Thursday, February 24, 2011

Cumin, garlic, walnuts and pomegranate molasses

There are no waiters at the Cedar restaurant, only the owners, David and Marlene. And although they charge corkage, it's advisable to bring your own wine.

It's not a glamorous spot by any stretch of the imagination. You will park outside a very drab building (that always puts me in mind of my local police station) right on busy Sommerset Road in Sea Point, ring the buzzer and then climb a grotty stair case to the second level, where you will find the restaurant. You may have had low expectations about the decor to begin with, but even so you will probably be disappointed.

And yet...

And yet this is one of my favourite restaurants. Has been for years. I love the cloth that adorns the roof, bedouin-style. I love the plastic tables, the quaint 'big five' bronze artworks, the large mural of broken pillars and countryside. And the food... The fried cauliflower, soft homemade pitas, stuffed grape leaves, baba ghanoush, kibbeh, the most addictive hummus topped with coriander, garlic and olive oil, crispy sardines, eye-watering Turkish coffee...

But this isn't a restaurant review, believe it or not.

Last time we were at the Cedar, David sat chatting with us after the meal, keen to impart a little of his not insubstantial knowledge on Lebanese food. I inquired about the pomegranate molasses he uses and where he buys it, and he told me he imports it — and sells it. So of course I bought some.

It's thick and syrapy, obviously, but the flavour is quite extraordinary — a bit like sour figs.

Then David made me memorise four ingredients — walnuts, cumin, garlic and pomegranate molasses — that, when combined, can be used as a marinade for chicken and any kind of red meat.

So, a few days later, I crushed five cloves of garlic, toasted a generous tablespoon of cumin and combined these with 100g walnuts and about three tablespoons pomegranate molasses with a pestle and mortar.

I rubbed the paste all over a deboned leg of lamb and left it to marinade overnight, then roasted it to perfection. The result was a glorious, distinctly Middle Eastern flavour, which was beautifully complemented by lemony full-cream Greek yoghurt. I suspect it would also work a treat slathered over cauliflower florets before roasting.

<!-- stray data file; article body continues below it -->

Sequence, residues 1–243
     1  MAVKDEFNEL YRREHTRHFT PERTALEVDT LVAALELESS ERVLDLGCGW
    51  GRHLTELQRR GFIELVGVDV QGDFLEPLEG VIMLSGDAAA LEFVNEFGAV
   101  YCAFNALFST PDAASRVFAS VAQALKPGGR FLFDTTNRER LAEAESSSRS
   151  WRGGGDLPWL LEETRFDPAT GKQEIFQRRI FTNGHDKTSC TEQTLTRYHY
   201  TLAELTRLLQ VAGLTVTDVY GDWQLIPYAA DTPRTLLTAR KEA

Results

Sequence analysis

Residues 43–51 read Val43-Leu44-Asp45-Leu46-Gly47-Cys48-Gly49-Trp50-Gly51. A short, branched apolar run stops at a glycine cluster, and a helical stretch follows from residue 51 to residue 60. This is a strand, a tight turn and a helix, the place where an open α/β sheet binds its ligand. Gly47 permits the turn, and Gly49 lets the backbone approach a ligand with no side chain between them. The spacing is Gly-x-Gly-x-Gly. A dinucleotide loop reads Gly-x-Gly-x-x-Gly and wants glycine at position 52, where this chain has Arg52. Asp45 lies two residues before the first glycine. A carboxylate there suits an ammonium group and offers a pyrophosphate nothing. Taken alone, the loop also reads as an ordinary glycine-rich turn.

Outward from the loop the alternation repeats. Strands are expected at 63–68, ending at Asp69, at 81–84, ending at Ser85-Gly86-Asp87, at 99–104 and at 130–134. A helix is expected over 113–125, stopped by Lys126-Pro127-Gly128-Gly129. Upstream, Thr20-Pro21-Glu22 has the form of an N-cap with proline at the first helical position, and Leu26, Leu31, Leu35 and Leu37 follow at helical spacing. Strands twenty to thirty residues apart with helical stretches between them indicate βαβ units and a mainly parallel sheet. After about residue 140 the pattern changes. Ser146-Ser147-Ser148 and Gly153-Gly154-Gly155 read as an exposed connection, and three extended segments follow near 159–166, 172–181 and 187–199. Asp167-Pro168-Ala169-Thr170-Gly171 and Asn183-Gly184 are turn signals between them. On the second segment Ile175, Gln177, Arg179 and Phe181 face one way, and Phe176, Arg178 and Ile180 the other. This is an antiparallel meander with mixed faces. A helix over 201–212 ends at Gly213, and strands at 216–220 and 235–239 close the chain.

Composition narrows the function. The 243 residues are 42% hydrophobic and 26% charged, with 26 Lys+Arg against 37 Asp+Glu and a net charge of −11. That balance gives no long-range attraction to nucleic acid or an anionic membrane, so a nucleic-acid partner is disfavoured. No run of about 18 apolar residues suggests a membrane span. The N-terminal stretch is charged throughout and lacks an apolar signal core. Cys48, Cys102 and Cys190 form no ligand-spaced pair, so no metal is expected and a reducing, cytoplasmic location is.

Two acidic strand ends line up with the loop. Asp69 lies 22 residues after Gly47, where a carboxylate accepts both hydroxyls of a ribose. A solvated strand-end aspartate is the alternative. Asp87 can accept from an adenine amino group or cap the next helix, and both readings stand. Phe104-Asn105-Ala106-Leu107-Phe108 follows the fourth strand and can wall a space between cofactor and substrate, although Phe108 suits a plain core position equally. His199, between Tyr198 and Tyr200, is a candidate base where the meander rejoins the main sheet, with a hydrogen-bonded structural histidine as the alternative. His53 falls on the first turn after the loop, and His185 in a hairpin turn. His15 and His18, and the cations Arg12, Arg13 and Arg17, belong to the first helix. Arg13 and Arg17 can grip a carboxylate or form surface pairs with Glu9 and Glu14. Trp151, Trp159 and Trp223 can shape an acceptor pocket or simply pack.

Just putting it out there... Use it. Don't use it. It's an unusual combination of ingredients, one I'll be revisiting soon.

The Cedar: 021 433 2546

Pssst: I would like to apologise for an inaccuracy in this post that I've just corrected –  I originally said that the Cedar does not charge corkage, when, in fact, they do. R30. A cheek, since they don't really have a much of a wine list, but there you go. 

Tuesday, February 22, 2011

This one's for all the food bloggers out there... #fbi2011

Warning: those sensitive to a little gratuitous self-congratulation and shameless link-love should avert their gaze.

The 2nd Food Blog Indaba SA happened on Sunday, and I must say it was jolly good. Idyllic venue Monkey Valley provided a meeting place for about 150 (I’m guessing) food-obsessed bloggers and Tweeters, and it was fun watching folks connecting with people they’d previously only had online contact with.

‘OMG! R u (insert blog title/Twitter name here)? I luv yr blog!’ and so on. (It is quite something to hear people talk in SMS speak.)

Personally, I was delighted to hook up with Ishay of The Food and the Fabulous, Matt from I’m No Jamie Oliver, Marianne of Cape Town By Mouth, Jane-Anne Hobbs of Scrumptious, Amelia of Notes From My Nest, and, finally, the one and only Colleen Grove (Brownie Girl), who organised the entire event. I don’t think there is a single person who attended who doesn’t feel a deep sense of warm, squishy gratitude to her for that (though I have a sneaky suspicion she has vowed never to do it again).

There were speakers. SA foodie legend Phillippa Cheifitz was a highlight, as was Abigail Donnelly, Eat Out's ed, whom I think we all agree has possibly the coolest job in the world. Jeanne of Cooksister’s dirty jokes were a hoot, while I think none there will ever be able to shake off the sneaking sensation that Jane-Anne Hobbs’s hilarious creation Bertie is looking over their shoulder when writing a blog post. Andy Fenner of Jamie Who? (who'd had just enough alcohol to be able to get up and speak, but not too much), gave me a lot to think about — with the help of two insane-looking cakes from Charlie's Bakery.